Agriculture represents a significant part of the economy in Panama. Not only do agricultural products represent some of the country’s main exports, but since such a great number of Panamanians […]
Agriculture represents a significant part of the economy in Panama. Not only do agricultural products represent some of the country’s main exports, but since such a great number of Panamanians are engaged in subsistence farming, the sector represents one of the biggest employers. Agricultural production in Panama is primarily composed of fruits, vegetables, and basic grains. These include pineapples, oranges, rice, maize, onions, and potatoes, among others. The country has also developed a strong coffee industry and offers some of the highest-quality beans available on the market globally.
Panama’s agricultural production is highly dependent on weather conditions, making it a relatively volatile sector. One of the most significant crops for the country has been the banana; in the 1980s, the fruit accounted for an average of 67% of Panama’s total exports. Production of the crop has declined in recent times. In 2000, Panama’s banana production was worth over USD30 million, but by 2014 the volume had declined by over half to USD14.7 million. A virus that affects banana plants, known as the Panama Disease, has played a major role in diminishing Panama’s banana production.
Panama’s parliament passed legislation in April 2017 that aims to restore the banana industry’s importance in the country. The law allows Banapiña, a subsidiary of Singapore-based Del Monte Foods, to invest over USD100 million in banana production capabilities. The project will see 900ha developed per annum up to 5,804ha. Initial projections suggest that annual productivity per hectare will yield 2,725 boxes of bananas; when all 5,804ha are developed, annual output is projected to reach almost 2.5 billion boxes of bananas per year. The project is poised not only to revamp the agricultural sector, but also generate thousands of direct and indirect jobs.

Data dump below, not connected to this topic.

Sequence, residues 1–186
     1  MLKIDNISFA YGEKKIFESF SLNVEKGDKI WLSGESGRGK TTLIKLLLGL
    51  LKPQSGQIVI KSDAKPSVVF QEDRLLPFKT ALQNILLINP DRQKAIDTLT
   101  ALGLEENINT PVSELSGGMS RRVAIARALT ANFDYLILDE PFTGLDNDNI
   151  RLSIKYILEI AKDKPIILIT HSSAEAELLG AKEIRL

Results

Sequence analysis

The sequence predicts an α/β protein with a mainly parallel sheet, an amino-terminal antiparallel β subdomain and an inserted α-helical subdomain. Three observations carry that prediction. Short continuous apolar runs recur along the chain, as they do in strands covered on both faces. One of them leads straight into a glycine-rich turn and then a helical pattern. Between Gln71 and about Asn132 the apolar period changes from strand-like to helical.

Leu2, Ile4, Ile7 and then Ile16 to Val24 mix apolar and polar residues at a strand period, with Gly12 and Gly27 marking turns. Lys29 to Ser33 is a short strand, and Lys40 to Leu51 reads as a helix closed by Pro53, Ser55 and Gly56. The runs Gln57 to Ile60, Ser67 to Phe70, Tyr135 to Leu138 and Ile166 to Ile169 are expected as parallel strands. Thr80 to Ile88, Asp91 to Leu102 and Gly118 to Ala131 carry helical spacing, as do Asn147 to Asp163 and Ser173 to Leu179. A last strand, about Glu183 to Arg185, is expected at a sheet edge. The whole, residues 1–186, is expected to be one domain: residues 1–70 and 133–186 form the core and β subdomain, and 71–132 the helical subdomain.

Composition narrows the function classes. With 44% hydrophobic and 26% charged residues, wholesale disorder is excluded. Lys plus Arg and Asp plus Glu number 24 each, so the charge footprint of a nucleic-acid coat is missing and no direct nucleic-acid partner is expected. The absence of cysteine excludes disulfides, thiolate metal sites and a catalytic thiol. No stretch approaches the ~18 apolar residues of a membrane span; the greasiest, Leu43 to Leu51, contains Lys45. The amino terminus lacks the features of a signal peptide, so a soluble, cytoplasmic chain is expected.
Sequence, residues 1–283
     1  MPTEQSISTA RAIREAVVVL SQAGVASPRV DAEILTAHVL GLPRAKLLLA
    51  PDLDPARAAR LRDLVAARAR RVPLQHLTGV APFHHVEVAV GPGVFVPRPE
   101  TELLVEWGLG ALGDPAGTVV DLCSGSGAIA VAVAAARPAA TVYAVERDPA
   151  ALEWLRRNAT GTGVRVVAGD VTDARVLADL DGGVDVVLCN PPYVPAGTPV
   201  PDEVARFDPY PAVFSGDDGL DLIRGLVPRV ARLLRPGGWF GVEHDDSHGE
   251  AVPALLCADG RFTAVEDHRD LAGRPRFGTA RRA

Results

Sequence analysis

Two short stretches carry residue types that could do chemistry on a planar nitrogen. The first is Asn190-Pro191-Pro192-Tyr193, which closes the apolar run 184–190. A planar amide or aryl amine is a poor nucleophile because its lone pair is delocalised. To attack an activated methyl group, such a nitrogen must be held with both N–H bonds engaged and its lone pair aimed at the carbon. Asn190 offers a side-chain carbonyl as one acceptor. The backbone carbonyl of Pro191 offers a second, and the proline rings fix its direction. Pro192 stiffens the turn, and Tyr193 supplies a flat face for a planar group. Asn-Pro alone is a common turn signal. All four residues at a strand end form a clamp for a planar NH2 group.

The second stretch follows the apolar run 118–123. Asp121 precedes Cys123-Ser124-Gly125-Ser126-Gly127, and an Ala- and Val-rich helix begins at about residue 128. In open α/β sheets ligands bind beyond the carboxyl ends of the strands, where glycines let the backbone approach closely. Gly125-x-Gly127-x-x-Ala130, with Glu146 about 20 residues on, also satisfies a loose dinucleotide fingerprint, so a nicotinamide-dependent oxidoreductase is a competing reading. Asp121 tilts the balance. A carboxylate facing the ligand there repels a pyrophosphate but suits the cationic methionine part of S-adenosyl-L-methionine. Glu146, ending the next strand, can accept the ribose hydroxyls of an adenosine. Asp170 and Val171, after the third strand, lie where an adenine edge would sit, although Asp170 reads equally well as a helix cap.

Rice represents another significant agricultural product in the country. Panamanians eat more rice than the global average, and it is produced in nearly every region in the country, though the greatest amount is produced in Chiriquí. Rice production in Panama is almost entirely dependent on rainfall. Reliance on rain is becoming increasingly difficult due to climate change. Moreover, high import competition has forced local producers to lower prices, making the profit margin negligible. The new champion of Panama’s agricultural sector has proven to be coffee. Like everything else, the bean is primarily grown in Chiriquí, the high elevation, ideal moisture, and volcanic soil of which makes it an ideal place for agriculture. Panama produces several varieties of high-quality beans, and its reputation is known around the world; one of the country’s varieties, known as the Geisha bean, is one of the most expensive globally.
Despite the country’s strong annual GDP growth of almost 5%, the agricultural sector has seen a number of challenges over the past two decades. At the start of 2000, the sector constituted 8% of GDP; by 2016, agriculture’s share in the economy had significantly declined, representing only 2.7% of GDP. Much of the country’s agricultural production, some 80%, is confined to the highland region of Chiriquí, near the southern end of Panama’s border with Costa Rica. So much of the production is concentrated because there are few techniques throughout the country that are related to fluctuating climate conditions, namely periods of significant rainfall and those of drought.
Another major problem is logistics. There are no highly developed means of transporting agricultural products to the country’s capital, and these poor conditions translate to significant percentage of post-harvest loss, ranging from 40-60% of the country’s combined output. Furthermore, there is a high rate of fragmentation between farmers, which results in considerably stunted national efficiency. The country’s problems are further worsened due to the fact that farmers are generally very slow to adopt new technology. These problems have led to the stagnation of the sector in recent years and has made necessary big increases in agricultural imports.
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